Canadian journalist says Tony Clement crossed a line with 'aggressive' Instagram likes
Tory MP shared sexually explicit images and video, says he's facing extortion attempt
Kim Fox says she wasn't surprised when Conservative MP Tony Clement issued a statement admitting he shared sexually explicit images and a video with an individual online. He also claimed he had been financially extorted over it.
That's because, she says, the politician is known for "aggressively" liking people's posts on Instagram — something Canadians, especially women, have been talking about openly on Twitter since news of the scandal broke.
Clement, who was booted from Conservative caucus on Wednesday, did not immediately reply to As It Happens' request for comment, but he told the Globe and Mail: "I would say I like all sorts of pictures on Instagram. I've never sent unsolicited harassing messages, ever."
Fox, an editor at the Philadelphia Inquirer who used to work for the CBC, spoke to As It Happens host Carol Off about her online interactions with Clement. Here is part of their conversation.
When the news broke that Tony Clement admitted he had shared sexual images and a video of himself with someone online, what did you think?
Obviously, I think a public figure should have better judgment than that, but based on my experiences and those of folks I know, it wasn't that much of a stretch.
BREAKING: Statement from former Conservstive Minister Tony Clement - <a href="https://t.co/fuEtDOJ5rb">pic.twitter.com/fuEtDOJ5rb</a>—@CBCKatie
What were your experiences?
It would have been about three or four years ago. I noticed that Tony Clement was following me on Instagram.
I noticed just after a few months that there would be these cycles of like a barrage of "likes" on pictures.
It would just be a series of this ... just like 10 or 20 likes
At first I just, I kind of laughed it off and I thought, well, either, he's got some bad staff or there's bots or he doesn't know how Instagram works, and I really gave him the benefit of the doubt.
And then as it started to become more frequent and I was talking to some of my female colleagues and folks who either worked in media or just outside the parameters, and they were experiencing the same thing.
My husband at the time, mentioned that he thought it was, you know, a little aggressive and inappropriate. And we started looking at the photos and what we noticed were they were always kind of selfies — pictures of me directly, not me with anybody else or, like, landscapes or anything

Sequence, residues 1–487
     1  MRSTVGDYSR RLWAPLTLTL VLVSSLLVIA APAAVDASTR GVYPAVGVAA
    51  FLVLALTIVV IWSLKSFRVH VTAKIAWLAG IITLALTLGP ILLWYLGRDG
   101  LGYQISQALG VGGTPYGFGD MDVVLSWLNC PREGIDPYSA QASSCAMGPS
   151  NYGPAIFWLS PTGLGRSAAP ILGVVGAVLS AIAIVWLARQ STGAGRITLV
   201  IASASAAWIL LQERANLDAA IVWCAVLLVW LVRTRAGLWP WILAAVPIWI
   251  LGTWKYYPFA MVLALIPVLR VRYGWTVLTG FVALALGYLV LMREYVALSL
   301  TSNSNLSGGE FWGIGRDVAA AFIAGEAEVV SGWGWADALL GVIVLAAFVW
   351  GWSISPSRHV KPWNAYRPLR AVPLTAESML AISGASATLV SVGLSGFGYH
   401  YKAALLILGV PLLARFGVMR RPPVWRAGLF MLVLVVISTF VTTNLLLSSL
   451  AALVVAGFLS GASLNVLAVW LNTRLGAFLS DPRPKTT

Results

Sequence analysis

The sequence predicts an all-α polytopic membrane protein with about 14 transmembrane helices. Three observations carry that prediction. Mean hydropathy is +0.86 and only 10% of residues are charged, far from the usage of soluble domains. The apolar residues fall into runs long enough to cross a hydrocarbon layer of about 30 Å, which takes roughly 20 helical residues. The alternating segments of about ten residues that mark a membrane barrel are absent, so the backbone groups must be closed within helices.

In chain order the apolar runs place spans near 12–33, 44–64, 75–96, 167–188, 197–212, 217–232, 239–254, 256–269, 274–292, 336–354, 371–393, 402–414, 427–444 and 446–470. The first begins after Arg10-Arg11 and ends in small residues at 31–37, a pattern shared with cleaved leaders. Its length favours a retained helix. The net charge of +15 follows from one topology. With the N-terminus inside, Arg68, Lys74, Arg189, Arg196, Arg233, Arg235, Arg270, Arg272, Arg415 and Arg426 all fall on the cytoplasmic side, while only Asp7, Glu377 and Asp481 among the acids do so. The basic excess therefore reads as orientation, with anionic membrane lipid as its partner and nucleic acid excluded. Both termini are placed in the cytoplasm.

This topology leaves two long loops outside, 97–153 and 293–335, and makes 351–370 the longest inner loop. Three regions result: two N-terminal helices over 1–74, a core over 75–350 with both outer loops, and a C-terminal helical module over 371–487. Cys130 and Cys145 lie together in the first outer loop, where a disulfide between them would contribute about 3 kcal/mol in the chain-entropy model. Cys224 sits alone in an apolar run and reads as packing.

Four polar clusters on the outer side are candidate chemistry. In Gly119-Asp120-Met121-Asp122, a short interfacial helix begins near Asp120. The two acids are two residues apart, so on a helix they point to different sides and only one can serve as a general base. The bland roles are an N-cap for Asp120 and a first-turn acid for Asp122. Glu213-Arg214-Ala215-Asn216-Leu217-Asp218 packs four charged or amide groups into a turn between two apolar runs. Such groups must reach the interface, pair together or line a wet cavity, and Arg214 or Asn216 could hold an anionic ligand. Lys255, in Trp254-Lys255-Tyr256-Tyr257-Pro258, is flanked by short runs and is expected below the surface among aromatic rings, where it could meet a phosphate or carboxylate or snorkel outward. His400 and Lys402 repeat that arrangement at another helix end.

It kind of made me uncomfortable.
In the grand scheme of things, there's nothing wrong with liking things on social. But I think, you know, that kind of aggressive behaviour, repetitive behaviour is odd for anyone, never mind a public figure and politician.
If I were a media org in Canada, I'd pay attention to this tweet. I, along with two other art & media women, had conversations about how Tony Clement's aggressive social media habits made us feel uncomfortable. Apparently there are more women out there who feel this way... <a href="https://t.co/kt7Dsp32rN">https://t.co/kt7Dsp32rN</a>—@kimfox
Did it progress from there? Did you get more uncomfortable?
He never messaged me. He never sent me any inappropriate pictures and no one I know of experienced that at all. But it was just an ongoing thing.
When the news came out, immediately a couple of folks that I had these conversations about had sent me the story and we all commented how it was, sort of only a matter of time.
What do you mean that it was only a matter of time?
Social is about good judgment. It's about how you conduct yourself. I think a good measure is to ask yourself, "If I conducted myself like this offline, if there was a woman who I didn't know and I just started getting in her face at a public event like all over about topics, would it make her uncomfortable?" The answer is probably yes.
My big question is ultimately, did he conduct himself like that towards men? If the answer is yes then, he just needs a lesson on how to use social overall more appropriately and on communication.
If it's just targeted towards women, then I think that's a real problem.
Why did you want to speak out about it?
I'm growing really tired of laughing off this kind of behaviour. I'm a 43-year-old woman. I've spent many years tolerating that behaviour or behaviour that's questionable. And you learn to navigate around that and excuse it.
And I think if anything the last year has taught us is it's time to speak up and it's time to no longer normalize this kind of behaviour and call people on it.
I have a right to exist in a safe space. I have a right to have social channels where I don't feel like somebody is aggressively all over me on them. I have a right to just be a woman and live my life.
Written by Sheena Goodyear. Produced by Jeanne Armstrong. Q&A has been edited for length and clarity.